Division of Richmond

The Division of Richmond is an Australian electoral division in the state of New South Wales.

Richmond
Australian House of Representatives Division
Division of Richmond in New South Wales, as of the 2016 federal election.
Created1901
MPJustine Elliot
PartyLabor
NamesakeRichmond River
Electors119,446 (2019)
Area2,148 km2 (829.3 sq mi)
DemographicRural

History

The division was proclaimed in 1900, and was one of the original 65 divisions to be contested at the first federal election. The division is named after the area in which it is located,[1] namely the Richmond Valley and Richmond River, which was named in honour of Charles, the fifth Duke of Richmond.[2]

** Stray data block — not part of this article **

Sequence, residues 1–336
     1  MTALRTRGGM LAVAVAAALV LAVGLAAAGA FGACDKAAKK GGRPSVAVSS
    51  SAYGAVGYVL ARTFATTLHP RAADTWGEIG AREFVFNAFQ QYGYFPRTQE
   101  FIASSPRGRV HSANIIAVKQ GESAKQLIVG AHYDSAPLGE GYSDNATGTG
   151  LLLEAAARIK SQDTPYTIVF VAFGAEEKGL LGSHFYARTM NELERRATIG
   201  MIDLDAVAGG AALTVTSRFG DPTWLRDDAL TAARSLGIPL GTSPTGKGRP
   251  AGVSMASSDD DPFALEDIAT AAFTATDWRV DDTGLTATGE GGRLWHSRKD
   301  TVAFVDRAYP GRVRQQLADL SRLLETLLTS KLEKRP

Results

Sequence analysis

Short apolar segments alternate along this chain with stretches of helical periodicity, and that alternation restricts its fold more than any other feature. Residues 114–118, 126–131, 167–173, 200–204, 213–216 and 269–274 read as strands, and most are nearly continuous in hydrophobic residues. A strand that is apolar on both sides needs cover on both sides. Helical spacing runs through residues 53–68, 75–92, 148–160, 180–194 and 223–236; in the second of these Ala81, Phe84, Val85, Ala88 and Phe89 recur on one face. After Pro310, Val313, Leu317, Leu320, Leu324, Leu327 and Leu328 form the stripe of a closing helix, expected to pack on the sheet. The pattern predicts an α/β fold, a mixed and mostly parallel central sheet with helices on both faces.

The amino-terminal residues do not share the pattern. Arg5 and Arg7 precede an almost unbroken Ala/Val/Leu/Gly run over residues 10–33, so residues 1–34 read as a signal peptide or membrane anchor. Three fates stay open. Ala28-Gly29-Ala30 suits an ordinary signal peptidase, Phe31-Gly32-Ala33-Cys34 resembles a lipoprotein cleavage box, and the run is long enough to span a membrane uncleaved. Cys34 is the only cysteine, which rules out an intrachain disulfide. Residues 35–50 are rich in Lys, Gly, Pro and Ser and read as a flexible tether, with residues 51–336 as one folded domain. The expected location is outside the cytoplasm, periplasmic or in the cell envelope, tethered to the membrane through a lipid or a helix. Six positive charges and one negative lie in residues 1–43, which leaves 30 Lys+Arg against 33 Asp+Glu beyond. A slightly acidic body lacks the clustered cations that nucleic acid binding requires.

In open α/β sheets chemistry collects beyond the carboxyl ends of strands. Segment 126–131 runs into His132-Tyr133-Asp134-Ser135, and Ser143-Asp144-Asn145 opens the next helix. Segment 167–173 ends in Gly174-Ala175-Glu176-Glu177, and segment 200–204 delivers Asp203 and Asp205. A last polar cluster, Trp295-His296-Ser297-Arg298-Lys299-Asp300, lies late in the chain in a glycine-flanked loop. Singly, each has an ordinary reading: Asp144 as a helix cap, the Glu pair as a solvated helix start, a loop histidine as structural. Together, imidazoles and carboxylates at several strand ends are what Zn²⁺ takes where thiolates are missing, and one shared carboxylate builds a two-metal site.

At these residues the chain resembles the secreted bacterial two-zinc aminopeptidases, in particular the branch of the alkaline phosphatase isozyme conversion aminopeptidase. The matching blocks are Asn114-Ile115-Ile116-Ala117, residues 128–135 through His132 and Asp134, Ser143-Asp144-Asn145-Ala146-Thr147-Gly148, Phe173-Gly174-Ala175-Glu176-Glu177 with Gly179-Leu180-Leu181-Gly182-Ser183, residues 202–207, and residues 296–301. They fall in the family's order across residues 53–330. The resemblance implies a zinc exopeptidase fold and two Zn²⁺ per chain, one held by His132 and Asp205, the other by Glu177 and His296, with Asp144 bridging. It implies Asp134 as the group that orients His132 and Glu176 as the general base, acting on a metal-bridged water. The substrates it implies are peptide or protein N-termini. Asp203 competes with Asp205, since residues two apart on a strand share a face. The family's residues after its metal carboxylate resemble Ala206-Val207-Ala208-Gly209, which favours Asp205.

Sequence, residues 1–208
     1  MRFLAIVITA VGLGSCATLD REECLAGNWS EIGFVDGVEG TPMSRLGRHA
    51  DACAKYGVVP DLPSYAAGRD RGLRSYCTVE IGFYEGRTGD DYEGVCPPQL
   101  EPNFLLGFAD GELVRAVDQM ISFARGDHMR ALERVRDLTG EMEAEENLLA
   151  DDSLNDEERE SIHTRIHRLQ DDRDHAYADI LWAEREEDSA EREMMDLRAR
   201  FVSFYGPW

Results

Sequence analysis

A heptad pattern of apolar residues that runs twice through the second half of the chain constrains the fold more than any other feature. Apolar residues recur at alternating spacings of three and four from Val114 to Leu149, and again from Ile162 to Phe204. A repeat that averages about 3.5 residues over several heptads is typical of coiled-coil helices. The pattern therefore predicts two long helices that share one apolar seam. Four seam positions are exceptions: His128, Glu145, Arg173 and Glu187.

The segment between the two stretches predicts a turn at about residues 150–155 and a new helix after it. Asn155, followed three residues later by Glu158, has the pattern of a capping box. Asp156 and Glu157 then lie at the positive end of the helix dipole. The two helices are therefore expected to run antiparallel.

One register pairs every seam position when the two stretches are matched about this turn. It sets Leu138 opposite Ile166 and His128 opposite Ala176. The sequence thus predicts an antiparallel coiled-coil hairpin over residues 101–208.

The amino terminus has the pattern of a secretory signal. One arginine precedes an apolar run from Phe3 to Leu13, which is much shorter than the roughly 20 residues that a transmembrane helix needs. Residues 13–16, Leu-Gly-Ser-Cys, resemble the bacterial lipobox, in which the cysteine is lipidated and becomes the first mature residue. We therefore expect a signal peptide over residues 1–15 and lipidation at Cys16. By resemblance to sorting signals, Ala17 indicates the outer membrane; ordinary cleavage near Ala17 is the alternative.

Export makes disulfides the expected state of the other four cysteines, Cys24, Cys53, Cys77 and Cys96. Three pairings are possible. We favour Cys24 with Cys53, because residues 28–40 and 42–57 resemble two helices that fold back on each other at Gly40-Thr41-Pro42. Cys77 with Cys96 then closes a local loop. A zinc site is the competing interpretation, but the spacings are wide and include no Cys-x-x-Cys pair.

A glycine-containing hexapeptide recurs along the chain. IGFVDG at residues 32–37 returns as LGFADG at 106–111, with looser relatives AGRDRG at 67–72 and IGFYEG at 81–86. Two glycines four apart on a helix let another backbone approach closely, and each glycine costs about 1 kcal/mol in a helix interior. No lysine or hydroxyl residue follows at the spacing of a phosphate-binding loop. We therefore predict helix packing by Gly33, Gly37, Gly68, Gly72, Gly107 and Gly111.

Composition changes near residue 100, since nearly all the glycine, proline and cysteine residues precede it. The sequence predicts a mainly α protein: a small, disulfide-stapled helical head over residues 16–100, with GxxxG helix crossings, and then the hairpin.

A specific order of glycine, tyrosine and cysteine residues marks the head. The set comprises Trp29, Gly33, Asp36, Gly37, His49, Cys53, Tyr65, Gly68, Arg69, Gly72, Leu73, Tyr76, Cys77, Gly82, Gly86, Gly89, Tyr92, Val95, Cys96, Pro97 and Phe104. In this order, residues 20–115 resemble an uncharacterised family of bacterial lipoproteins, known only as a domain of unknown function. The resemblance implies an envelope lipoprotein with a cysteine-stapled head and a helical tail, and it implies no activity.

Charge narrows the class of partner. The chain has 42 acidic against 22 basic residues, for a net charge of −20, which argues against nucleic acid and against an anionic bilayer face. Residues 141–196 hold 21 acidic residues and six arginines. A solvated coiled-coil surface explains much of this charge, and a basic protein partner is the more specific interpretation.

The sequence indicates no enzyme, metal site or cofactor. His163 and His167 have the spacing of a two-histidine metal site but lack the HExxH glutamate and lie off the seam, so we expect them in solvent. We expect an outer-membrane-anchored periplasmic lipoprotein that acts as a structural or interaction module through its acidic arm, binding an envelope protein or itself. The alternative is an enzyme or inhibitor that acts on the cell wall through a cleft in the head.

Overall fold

Historically, the division has been a rural seat and fairly safe for the National Party (formerly called the Country Party), which held it for all but six years from 1922 to 2004. For 55 of those years, it was held by three generations of the Anthony family—Hubert Lawrence Anthony (a minister in the Fadden and Menzies governments), Doug Anthony (leader of the National Party from 1971 to 1984 and Deputy Prime Minister in the Gorton, McMahon and Fraser governments) and Larry Anthony (a minister in the Howard government)—the first three-generation dynasty in the Australian House of Representatives.[3] However, it became far less safe for the Nationals from 1983 onward, and strong population growth over the last three decades has seen it progressively lose its rural territory and reduced it to a more coastal-based and urbanised division. Accompanying demographic change has made the seat friendlier to Labor since the 1990s.